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Playground Fighting :: Industrial Action :: Unauthorised Absence

(2 Posts)
imustnotfightinschool Tue 18-Mar-14 11:41:49

We're frustrated.

Our children have become pawns in an increasingly bitter fight between the government and teaching unions over reforms to the education system. Is it time for parents to say ‘enough is enough’, metaphorically bang their heads (no pun intended) together? I feel we need to do something to encourage these bickering factions to talk to all of us, and settle their differences in a responsible and reasoned manner.

Education reform is an important and necessary debate, whatever your view, but children and parents are expected to sit on the sidelines, accept whatever changes are proposed, and suffer the damaging impact of strikes. Children are the victims when schools are closed, and parents face inconvenience, cost and an enormous sense of frustration.

On the 26th March, members of the NUT will strike – an action expected to close many schools. Heads are faced with difficult choices, but in reality often have little option but to close schools. Until now, parents and children have had no option at all, with some schools actively stifling any discussion of the matter with parents. Questioning the validity of teacher strikes is almost taboo, even here.

I believe teachers, heads, and yes, maybe even Mr Gove (conviction politician - sends his kids to state school - or reptile?) firmly believe that their ideas are in the best interest of children. It's their methods, fueled by power-hungry policy wonks and unionistas alike, that are the problem. It's time to put and end to this playground fighting and bullying.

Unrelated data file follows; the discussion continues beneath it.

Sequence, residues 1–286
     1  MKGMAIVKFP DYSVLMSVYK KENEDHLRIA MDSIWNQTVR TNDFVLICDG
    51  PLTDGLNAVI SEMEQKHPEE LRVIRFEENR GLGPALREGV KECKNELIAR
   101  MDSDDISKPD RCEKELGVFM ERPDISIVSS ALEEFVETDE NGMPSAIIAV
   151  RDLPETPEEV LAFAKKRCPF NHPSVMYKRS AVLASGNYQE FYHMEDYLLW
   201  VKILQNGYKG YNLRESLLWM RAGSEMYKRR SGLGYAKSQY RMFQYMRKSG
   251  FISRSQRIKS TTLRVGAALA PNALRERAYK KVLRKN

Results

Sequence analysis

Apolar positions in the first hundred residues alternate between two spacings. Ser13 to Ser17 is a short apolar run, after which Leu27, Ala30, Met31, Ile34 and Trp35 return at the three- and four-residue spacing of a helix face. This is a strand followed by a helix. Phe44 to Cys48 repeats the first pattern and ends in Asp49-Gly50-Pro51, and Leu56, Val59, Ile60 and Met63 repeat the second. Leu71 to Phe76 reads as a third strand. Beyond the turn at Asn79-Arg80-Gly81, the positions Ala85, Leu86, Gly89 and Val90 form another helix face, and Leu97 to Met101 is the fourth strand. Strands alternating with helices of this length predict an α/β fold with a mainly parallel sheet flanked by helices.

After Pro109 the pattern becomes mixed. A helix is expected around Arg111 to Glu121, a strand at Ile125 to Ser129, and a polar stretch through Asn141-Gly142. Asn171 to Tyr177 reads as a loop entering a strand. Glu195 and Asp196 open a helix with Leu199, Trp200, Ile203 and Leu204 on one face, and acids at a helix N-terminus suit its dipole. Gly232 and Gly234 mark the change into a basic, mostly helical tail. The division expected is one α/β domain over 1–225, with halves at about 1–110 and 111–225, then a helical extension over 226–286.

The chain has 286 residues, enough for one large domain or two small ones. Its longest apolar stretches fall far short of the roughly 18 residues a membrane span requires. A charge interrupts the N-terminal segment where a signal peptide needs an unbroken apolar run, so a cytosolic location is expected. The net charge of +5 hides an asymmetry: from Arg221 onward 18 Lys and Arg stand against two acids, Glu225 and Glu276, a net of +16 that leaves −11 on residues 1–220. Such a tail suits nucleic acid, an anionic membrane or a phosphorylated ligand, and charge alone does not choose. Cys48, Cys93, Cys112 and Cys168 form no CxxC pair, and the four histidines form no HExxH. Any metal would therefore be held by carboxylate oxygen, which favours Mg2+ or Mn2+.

Is there anything we as parents can actually do? Here's an idea:

Unauthorised Absence – the dread of the OFSTED monitoring head: one day of organised unauthorised absence could be our way of us putting our hands up at the back of the class and asking for explanation.

Why shouldn't any parent who cares for the education of their children forget school for one day and enjoy it instead, where possible, together with their children on the *last day of the Spring term*: you know, the one where they play games and get sent home early? We know we can give our loved ones an enriching family day instead. By blipping the OFSTED radar with unauthorised absence (UA) statistics we could show we care, and have a voice that should be listened to, not drowned out by squabbling.

Is it just as bad as teachers striking? Probably not if excercised on the last day of term.

Will it be useful? It would send a message, maybe just a small one, which is better than standing by, silent and frustrated.

Is it legal? Hmm, well, possibly not and we don't have union negotiated immunity, but UA sanction policies would need to be stretched quite far before £60 fixed penalties were issued for a single day of UA action. And that would be a PR nightmare. It's about same level of badness as taking a day off to start the holiday early or travel to Auntie's wedding.

What's your view?


ReallyTired Tue 18-Mar-14 13:40:48

Some of Gove's reforms are necessary. It is not realistic for teachers to expect to retire at 60 on a final salary pension scheme when people in the private sector are being asked to work until 67 and there is no easy way to save for a private pension. Teachers have to face financial reality. Every other professional person has performance related pay and its about time teachers pay was linked to performance rather than number of years in the job.

GCSEs are no longer fit for purpose and its right that they are being toughened up. There are problems with some of Gove's reforms, but bunking off school is not the way to tackle these problems.

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